Cannabis vs Alcohol In The Age of Covid
Covid has had an impact on cannabis and alcohol use in college students.
Since the beginning of the pandemic, cannabis has found itself labeled an essential business, mostly due to its medical status in legal states. As it turns out, the pandemic also signaled, at least for the time being, a marked increase in use among college-aged students as well. The recently released Monitoring the Future survey, a comprehensive survey which, since 1976, has tracked students from their senior years in high school all the way to 60 years old, found a marked increase in cannabis use, as well as a decrease in alcohol use in college-age students. Cannabis use has been steadily increasing for many years prior, and researchers are currently collecting data through October to determine whether or not these shifts in consumption are temporary. But for now, it seems that cannabis may be the eventual victor.
The poll questioned 1550 college students between March and November of 2020 — a period corresponding with the beginning of the first lockdown and the beginning of COVID-19’s winter surge of hospitalizations. This time period was also associated with the abrupt end of in-person instruction at many universities and a profound alteration in the social lives of many college-age students. For those young adults who are not attending college, 43% have used cannabis over the past year — a statistic that has held steady since 2018. However, that rate of annual use among college students has climbed from 38% in 2015 to 44%, a rate not seen since its peak in 1980. And 7.9% of college students in 2020 say they are daily users, which is defined by the survey as having used cannabis at least 20 times over the past 30 days. This rate of daily use has shot up by 3.3 percentage points in one year, per the research.
Other important distinctions:
- College-age men polled far ahead of women for many use indicators. For instance, men were far more likely to have vaped cannabis over the past year or the past 30 days. They were also more likely to have smoked cannabis flower either over the past year or over the past 30 days. Men are also more likely to be daily users; however, both men and women reported similar rates of cannabis use within the past year.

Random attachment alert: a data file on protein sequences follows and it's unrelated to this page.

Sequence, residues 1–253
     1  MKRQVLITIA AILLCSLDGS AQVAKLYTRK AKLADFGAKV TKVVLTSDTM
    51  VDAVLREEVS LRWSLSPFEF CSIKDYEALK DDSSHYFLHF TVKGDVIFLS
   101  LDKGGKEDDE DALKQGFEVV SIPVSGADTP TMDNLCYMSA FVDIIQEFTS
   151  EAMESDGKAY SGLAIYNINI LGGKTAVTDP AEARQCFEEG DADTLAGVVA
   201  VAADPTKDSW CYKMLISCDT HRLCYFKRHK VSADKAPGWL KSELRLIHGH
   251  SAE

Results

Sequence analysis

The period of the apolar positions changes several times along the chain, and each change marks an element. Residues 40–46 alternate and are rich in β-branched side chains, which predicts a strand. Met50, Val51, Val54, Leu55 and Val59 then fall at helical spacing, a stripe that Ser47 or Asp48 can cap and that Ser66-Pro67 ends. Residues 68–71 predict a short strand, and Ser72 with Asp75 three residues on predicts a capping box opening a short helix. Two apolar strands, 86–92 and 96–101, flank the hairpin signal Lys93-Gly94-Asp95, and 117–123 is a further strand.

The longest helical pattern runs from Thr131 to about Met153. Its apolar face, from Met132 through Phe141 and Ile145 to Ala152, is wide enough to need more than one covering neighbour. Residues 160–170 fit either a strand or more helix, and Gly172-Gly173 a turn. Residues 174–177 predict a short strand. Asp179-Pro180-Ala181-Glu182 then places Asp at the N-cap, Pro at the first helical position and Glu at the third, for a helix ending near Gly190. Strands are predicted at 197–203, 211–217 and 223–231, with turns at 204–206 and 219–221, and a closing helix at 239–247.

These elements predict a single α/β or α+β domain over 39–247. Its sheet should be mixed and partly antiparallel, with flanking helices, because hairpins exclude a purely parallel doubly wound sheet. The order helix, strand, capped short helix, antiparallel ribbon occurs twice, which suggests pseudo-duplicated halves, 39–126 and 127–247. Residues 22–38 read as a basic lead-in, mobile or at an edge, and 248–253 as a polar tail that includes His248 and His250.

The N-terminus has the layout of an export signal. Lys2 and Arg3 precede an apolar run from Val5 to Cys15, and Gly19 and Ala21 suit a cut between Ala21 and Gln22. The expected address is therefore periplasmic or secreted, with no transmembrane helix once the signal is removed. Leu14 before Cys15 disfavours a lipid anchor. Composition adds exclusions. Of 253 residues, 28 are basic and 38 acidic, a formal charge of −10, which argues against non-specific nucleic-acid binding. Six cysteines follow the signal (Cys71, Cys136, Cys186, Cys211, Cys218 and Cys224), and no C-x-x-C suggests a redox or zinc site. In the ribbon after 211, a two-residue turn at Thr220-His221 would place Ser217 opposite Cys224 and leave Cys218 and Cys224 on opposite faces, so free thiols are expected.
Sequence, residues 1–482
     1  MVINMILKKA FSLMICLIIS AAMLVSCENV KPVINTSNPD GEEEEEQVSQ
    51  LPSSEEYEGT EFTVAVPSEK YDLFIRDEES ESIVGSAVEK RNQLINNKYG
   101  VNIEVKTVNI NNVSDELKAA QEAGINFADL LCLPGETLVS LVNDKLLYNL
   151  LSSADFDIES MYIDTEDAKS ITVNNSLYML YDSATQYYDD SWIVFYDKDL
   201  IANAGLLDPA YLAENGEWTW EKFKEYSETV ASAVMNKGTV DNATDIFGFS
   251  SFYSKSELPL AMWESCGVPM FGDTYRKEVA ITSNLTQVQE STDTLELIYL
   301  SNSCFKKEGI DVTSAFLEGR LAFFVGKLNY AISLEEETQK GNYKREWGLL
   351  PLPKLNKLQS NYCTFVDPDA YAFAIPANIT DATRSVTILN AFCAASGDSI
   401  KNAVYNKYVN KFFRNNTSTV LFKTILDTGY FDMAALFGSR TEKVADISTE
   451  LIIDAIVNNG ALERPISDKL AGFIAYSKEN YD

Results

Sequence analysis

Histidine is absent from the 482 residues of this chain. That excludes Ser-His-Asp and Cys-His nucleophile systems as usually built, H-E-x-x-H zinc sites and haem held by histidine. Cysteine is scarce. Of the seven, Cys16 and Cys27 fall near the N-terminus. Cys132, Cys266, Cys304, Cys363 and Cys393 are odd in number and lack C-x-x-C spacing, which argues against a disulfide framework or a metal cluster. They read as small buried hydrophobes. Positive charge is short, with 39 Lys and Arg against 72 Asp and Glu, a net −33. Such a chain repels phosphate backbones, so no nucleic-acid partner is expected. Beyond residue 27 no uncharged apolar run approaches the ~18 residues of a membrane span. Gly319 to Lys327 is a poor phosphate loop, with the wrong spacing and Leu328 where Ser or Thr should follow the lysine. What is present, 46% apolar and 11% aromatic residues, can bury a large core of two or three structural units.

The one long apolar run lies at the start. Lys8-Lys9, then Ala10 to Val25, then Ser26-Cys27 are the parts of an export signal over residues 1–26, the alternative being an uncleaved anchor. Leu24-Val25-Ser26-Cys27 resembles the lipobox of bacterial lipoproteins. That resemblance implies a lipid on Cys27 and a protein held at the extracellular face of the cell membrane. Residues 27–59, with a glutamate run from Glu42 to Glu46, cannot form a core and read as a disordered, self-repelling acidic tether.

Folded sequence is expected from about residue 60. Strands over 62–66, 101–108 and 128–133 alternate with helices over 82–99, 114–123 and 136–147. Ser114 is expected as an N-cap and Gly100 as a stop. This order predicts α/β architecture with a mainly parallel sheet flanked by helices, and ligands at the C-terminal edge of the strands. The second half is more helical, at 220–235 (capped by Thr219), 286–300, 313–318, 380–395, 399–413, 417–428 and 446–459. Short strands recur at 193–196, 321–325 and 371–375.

- Cannabis use for all 19-30 year-old adults rose to all-time highs for consumption within the past year (42%), consumption within the past 30 days (27%) and daily use (9.8%).
- Vaping saw a momentary decline after increases reported from the beginnings of its inclusion in the polls in 2017 through 2019. In 2020, only 20% of those polled said they had vaped within the past year, and 11% reported daily use.
- Fewer college-age adults consider cannabis experimentation dangerous. This attitude metric, known as “perceived risk,” reached an all-time low of 5-8%, with 19-22% seeing regular use as dangerous. Interestingly, vaping cannabis was seen as far riskier – 14-20% saw occasional vaping as harmful, while 24-31% saw regular vaping as harmful.
- Separate from perceived risk is “personal disapproval,” which measures whether or not the person polled in the survey approves of a certain sort of cannabis use among their peers. While higher than perceived risk, this also dropped for cannabis, with 51-56% disapproving of regular use, 27-34% disapproving of occasional use and 20-26% disapproving of experimental use — all of these are at all-time lows. Disapproval of vaping cannabis, meanwhile, is much higher at all levels.
In the meantime, alcohol use dropped from 62% to 56% in one year, with binge drinking dropping from 32% to 24%. This drop may have something to do with the loss of social gatherings during the pandemic. Forbes cited a recent explanation by Dr. Nora Volkow of the National Institute of Drug Abuse. “What is likely going on, is alcohol drinking at that age is probably very much a group activity. In social isolation, many of those activities got closed.”
The researchers expressed some concern over the rise of daily cannabis consumption among college students. “The brain is still developing in the early 20s, and as the Surgeon General and others have reported, the scientific evidence indicates that heavy marijuana use can be detrimental to cognitive functioning and mental health,” lead investigator John Schulenberg mentioned in a communication from the study’s base at the University of Michigan. He indicated compromised academic performance and inabilities to meet adult responsibilities are possible outcomes for college students and non-college students respectively. “Of course, the landscape of cannabis use is changing, so continued research is needed regarding negative consequences of heavy use.”
Just as social customs regulate alcohol, and just as the pandemic disrupted those customs, new ones will potentially develop around the cannabis’s integration into American society. For now, this is what the data shows, and the most obvious takeaway from it is expanded growth and acceptance.
View the Surveys and Studies Here: